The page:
The aircraft was a standard Lynx (Utility version) with a skid undercarriage, in which protuberance drag had been reduced to a minimum and an attempt had been made to reduce rotor head drag by fairings. The engine power was enhanced by water-methanol injection. The purpose of these measures was to ensure that, given a large alleviation in the flight envelope, the aircraft would not then be power limited unnecessarily.

For the record attempt, the course of 15 km was flown at 150 m above ground over the Somerset Levels, this being well within the altitude band officially required. The mean speed of two runs in opposite directions was 400.87 km/h (216 knots), exceeding the previous record by 33 km/h. The aircraft also had an extraordinarily good rate of climb near the bucket speed (80-100 knots), this being well over 20 m/s (4000 ft/min) – exceeding the capacity of the indicator instrument – and generally exhibited excellent flying characteristics. Figure 7.7 shows a photograph of the aircraft in flight and Figure 7.8 presents a spectacular view of the rotor blade.

 Figure 7.8 BERP rotor blade on world speed record helicopter (G-LYNX) (Courtesy Agusta Westland)

## Accurate Performance Prediction

The ability to deploy computer methods in performance calculation has been a major factor in the rapid development of helicopter technology since the Second World War. Results may often not be greatly different from those derived from the simple analytical formulae, but the fact that the feasibility of calculation is not dependent upon making a large number of challengeable assumptions is important in pinning down a design, making comparisons with flight tests or meeting guarantees. So it is that commercial organizations and research centres are equipped nowadays with computer programs for use in all the principal phases of performance calculation – hover characteristics, trim analysis, forward flight performance, rotor thrust limits and so on.

It may be noted en passant that performance calculation is generally not the primary factor determining the need for numerical methods. The stressing of rotor blades makes a greater demand for complexity in calculation. Another highly important factor is the need for quantification of handling characteristics, as for example to determine the behaviour of a helicopter flying in an adverse aerodynamic environment.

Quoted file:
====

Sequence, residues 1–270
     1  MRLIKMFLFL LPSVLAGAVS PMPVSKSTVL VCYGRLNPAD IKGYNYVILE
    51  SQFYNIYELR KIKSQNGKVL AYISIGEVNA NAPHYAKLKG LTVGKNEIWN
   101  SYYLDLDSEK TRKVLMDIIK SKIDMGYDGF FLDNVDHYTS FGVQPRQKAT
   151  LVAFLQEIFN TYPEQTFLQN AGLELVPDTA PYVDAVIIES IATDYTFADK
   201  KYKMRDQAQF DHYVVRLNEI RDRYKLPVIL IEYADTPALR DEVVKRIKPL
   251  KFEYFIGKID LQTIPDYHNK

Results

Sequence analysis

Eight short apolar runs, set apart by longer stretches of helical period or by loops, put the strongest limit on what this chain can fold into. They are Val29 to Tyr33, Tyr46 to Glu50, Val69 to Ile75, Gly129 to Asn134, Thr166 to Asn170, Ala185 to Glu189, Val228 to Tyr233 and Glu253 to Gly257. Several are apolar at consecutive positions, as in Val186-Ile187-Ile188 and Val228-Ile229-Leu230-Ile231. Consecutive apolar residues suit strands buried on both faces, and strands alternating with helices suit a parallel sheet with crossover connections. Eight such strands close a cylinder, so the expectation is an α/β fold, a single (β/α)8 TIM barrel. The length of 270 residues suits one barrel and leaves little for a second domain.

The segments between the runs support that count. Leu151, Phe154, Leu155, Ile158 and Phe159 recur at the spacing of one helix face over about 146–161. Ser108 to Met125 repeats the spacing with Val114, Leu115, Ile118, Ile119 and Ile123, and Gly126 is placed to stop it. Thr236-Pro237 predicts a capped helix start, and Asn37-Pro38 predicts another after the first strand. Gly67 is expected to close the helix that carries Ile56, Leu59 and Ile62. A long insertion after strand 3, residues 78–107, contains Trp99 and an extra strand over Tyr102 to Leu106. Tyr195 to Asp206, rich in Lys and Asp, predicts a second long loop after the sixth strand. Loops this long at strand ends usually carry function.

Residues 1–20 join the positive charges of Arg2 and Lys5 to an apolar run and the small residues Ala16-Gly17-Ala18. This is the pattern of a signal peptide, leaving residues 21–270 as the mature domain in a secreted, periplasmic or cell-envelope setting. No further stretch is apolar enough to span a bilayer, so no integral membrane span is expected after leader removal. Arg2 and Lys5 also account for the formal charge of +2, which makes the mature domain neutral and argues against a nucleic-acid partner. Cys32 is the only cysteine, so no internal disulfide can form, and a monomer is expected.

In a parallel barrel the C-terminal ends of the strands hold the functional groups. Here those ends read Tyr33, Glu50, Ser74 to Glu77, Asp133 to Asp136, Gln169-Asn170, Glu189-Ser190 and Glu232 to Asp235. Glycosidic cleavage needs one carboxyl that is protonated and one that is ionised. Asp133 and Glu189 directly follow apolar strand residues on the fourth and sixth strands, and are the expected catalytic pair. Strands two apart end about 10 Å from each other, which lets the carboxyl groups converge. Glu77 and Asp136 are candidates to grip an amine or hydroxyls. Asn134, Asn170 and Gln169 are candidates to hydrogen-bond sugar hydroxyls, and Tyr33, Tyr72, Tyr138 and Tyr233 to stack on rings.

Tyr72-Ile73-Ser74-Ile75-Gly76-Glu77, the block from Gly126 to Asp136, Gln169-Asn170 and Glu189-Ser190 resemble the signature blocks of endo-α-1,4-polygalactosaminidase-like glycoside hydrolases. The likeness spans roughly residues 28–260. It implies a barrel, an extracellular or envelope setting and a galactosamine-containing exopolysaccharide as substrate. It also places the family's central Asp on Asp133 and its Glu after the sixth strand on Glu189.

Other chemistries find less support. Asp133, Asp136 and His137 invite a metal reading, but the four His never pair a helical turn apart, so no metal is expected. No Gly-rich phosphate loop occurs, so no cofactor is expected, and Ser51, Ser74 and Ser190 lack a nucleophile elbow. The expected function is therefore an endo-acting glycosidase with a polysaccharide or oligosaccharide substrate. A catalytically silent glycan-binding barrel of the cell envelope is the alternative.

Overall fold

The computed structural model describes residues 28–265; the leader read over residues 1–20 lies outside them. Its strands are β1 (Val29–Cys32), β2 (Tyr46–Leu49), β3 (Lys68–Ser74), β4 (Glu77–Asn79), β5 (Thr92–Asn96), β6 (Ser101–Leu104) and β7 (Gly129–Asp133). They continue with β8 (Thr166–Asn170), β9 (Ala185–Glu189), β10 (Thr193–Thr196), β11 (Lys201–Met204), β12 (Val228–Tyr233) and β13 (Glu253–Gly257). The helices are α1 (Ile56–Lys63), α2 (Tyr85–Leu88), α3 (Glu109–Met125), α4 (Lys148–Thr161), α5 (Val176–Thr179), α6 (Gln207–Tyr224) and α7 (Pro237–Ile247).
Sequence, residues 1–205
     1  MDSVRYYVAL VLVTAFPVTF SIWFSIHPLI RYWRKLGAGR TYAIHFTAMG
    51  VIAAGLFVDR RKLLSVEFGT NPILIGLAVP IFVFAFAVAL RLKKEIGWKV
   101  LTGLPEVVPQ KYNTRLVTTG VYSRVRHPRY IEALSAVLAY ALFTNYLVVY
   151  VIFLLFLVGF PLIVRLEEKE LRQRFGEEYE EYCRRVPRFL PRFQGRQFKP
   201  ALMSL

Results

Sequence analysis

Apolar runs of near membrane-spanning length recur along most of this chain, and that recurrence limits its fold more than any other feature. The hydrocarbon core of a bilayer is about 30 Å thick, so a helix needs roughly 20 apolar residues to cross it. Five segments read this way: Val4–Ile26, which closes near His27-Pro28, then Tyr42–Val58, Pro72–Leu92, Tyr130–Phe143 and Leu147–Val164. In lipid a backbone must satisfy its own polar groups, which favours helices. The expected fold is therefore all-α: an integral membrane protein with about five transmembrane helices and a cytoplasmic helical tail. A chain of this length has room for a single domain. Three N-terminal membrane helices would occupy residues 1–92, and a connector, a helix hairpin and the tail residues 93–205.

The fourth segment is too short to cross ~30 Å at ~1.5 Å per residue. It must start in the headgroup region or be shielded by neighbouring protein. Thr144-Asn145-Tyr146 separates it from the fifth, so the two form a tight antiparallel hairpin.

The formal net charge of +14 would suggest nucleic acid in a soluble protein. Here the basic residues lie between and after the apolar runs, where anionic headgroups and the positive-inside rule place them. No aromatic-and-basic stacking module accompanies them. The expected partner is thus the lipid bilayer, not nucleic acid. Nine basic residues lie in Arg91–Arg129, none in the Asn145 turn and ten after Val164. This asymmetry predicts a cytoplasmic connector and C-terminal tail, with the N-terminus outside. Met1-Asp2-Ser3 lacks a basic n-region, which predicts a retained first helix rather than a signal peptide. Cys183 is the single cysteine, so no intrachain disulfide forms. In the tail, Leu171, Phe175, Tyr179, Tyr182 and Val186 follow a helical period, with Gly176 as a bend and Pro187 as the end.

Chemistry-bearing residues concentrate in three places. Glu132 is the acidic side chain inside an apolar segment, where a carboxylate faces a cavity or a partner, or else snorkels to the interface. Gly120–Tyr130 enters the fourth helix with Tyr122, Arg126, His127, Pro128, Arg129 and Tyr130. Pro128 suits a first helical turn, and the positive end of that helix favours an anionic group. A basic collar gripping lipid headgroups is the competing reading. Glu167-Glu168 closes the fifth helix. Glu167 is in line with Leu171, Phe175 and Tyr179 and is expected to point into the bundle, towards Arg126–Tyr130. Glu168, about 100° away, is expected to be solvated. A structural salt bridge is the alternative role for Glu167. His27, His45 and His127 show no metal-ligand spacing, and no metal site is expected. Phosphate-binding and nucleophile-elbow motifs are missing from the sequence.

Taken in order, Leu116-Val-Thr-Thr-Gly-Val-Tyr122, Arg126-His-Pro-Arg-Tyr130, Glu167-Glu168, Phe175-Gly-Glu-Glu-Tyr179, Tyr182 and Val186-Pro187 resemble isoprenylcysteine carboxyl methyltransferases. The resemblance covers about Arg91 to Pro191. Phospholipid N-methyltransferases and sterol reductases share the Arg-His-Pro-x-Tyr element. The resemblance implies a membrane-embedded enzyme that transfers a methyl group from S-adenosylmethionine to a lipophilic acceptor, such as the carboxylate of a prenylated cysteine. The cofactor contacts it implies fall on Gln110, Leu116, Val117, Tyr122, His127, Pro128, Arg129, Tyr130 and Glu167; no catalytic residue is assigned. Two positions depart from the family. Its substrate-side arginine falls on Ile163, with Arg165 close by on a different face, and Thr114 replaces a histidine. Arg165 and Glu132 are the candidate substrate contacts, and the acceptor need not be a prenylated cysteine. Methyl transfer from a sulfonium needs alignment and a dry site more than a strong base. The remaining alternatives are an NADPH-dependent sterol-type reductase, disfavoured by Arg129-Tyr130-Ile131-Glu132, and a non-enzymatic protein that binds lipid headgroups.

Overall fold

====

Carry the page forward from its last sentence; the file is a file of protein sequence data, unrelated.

Within the realm of performance prediction are contained many sub-items, not individually dominant but requiring detailed assessment if maximum accuracy is to be achieved. One such sub-item is parasite drag, in toto an extensive subject, as with fixed-wing aircraft, about which not merely a whole chapter but a whole book could be written. For computation purposes the total drag needs to be broken down into manageable groupings, among which are streamlined and non-streamlined components, fuselage angle of attack, surface roughness, leakage and cooling-air loss. Maximum advantage must be taken of the review literature, as compiled by Hoerner [2], Keys and Wiesner [3] and others, and of background information on projects similar to the one in hand.

Once a best estimate of parasite drag has been made, the accuracy problem in power calculation devolves upon the induced and profile items, as Equation 7.12 shows, together with the additional sub-items of tail rotor power, transmission loss and power to auxiliaries. Improving the estimation of induced and profile power comes down to the ability to use a realistic distribution of induced velocity over the disc area and the most accurate blade section lift and drag characteristics, including dynamic effects. This information has to be provided separately; the problem in the rotor is then to ascertain the angles of attack and Mach numbers of all blade sections, these varying from root to tip and round the azimuth as the blade rotates. That is basically what the focal computer programs do. Iterative calculations are normally required among the basic equations of thrust, collective and cyclic pitch and the flapping angles. A primary difficulty with helicopter rotor analysis is that one cannot solve a subset of the rotor equations – one has to address the interactions all together. Starting with, say, values of thrust and the flapping coefficients, corresponding values of the pitch angle, collective and cyclic, can be calculated; the information then allows the blade angles and local Mach numbers to be determined, from which the lift forces can be integrated into overall thrust for comparison with the value initially assumed. When the iterations have converged, the required output data – power requirement, thrust limits, and so on – can be ascertained.

These brief notes provide an initial examination. Going more deeply into the subject would immerse one immediately into more detail, so a calculation strategy using spread­sheets is provided in the Appendix. In addition, an excellent and thorough exposition of the total process of performance prediction is available in Stepniewski and Keys (Vol. II), to which the reader who wishes to come to grips with the whole computational complex is also referred.

## Rotor Limits Envelope

The envelope of rotor thrust limits is the combination of operation on the blades at the stall boundary both at high angle of incidence and with the compressibility effects at high Mach number. Usually the restrictions occur within the limits of available power. The nature of the envelope is sketched in Figure 7.6.

 Figure 7.6 Nature of rotor thrust limits